TOKYO -- Investors are turning to companies that use information technology for the purpose of managerial innovation.
Shares of industrial machinery developer Fanuc and automated devices producer Keyence advanced 1% Wednesday, as did Kawasaki Heavy Industries, which is working on medical robot development.
"These days, long-term investors in the U.S. are inquiring about machinery stocks," Tomohiko Sano at JPMorgan Securities Japan said.
Indexes also reveal a growing interest in machinery shares. An investor sentiment barometer developed by Mizuho Securities and Absolute Strategy Research shows machinery shares as oversold from the start of the year until recently, when they rebounded. "Bearishness is tapering off," Mizuho's Masatoshi Kikuchi said.
Interest is growing in the "Internet of Things," which connects equipment and robots with the Internet to enhance productivity. The growth strategy adopted by the Japanese government Tuesday also called for an IT-supported productivity revolution. Hopes are growing that demand for factory automation machinery will increase.
Businesses are increasingly seeking IT-aided managerial innovation.
After embracing corporate governance, companies will aggressively pursue IT next, a senior official at the Tokyo Stock Exchange said. The bourse, with the Ministry of Economy, Trade and Industry, identified 18 companies with competitive IT-supported management strategies. The list includes Nissan Motor and Komatsu, which overhauled their business models using IT.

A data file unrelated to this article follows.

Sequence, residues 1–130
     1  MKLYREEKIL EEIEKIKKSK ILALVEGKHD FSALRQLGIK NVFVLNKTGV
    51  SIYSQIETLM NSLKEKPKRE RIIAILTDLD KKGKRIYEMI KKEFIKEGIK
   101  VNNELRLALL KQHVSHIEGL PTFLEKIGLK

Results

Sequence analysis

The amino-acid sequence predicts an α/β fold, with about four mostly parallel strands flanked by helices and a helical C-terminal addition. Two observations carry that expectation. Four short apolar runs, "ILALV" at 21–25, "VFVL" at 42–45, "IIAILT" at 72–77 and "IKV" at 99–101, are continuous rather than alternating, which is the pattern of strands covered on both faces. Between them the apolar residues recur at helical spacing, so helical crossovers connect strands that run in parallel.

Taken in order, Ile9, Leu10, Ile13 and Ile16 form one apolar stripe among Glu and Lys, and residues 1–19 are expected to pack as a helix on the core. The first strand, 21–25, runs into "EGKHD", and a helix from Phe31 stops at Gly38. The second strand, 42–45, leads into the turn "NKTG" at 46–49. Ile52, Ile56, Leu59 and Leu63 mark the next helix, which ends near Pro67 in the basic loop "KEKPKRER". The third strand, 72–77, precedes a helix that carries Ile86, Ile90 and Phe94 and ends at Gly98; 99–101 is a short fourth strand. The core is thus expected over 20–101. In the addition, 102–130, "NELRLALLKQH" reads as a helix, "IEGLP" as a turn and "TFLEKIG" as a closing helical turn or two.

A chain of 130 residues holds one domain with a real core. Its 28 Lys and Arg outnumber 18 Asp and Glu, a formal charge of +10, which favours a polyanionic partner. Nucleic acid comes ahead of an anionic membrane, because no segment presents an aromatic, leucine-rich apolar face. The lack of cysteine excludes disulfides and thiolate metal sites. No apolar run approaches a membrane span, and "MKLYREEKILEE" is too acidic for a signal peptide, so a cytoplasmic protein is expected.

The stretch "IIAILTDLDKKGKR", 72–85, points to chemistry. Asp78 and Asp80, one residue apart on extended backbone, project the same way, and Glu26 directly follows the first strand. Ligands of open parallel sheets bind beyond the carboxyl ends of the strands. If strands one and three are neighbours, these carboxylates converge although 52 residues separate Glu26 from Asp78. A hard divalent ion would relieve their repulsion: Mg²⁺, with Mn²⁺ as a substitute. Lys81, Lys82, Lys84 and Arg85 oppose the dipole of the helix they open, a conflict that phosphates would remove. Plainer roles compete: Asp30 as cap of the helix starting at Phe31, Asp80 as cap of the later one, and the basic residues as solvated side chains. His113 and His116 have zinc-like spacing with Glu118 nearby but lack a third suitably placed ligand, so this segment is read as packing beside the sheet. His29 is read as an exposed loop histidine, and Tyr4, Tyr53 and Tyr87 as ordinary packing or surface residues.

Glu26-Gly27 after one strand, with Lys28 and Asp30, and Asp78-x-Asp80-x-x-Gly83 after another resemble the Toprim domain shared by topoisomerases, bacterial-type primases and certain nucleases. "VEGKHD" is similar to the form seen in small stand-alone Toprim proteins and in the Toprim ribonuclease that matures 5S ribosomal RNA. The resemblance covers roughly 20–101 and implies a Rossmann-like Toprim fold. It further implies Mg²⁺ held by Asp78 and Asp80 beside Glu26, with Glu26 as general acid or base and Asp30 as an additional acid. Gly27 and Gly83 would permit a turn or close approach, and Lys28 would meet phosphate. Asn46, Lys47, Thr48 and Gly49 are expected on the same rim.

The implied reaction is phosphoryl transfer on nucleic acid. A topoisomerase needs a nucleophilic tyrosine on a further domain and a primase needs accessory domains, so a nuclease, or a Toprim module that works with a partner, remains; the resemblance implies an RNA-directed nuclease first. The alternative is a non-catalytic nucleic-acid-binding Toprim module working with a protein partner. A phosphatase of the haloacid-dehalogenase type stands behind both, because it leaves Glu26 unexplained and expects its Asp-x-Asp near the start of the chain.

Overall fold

These companies are cheered by investors who are hopeful that IT will enhance management. An index tracking the average share price of the 17 out of these 18 companies that were publicly traded as of the start of 2005 surged 98% from then through Tuesday, beating a 77% rise for the broader Nikkei Stock Average.
Sekisui House, one of the 18 companies on the list, has sought to develop "smart homes," where sensors detect dwellers' health and adjust the in-home environment. The company, which sees record profit for the year ending January 2016, plans to take renovation orders through Amazon Japan.
Komatsu also will improve production using information and communications technology. It will not only grasp the utilization status of customers' construction machinery but also consolidate utilization data of its own machinery tools and robots. Komatsu says this will enhance productivity and help slash manufacturing costs by 15 billion yen ($121 million) a year.
Japan's investment in information and communications technology is one-third of that in the U.S. and half of the level in Germany, according to Cabinet Office data. Studies also show a relationship between IT investment and productivity.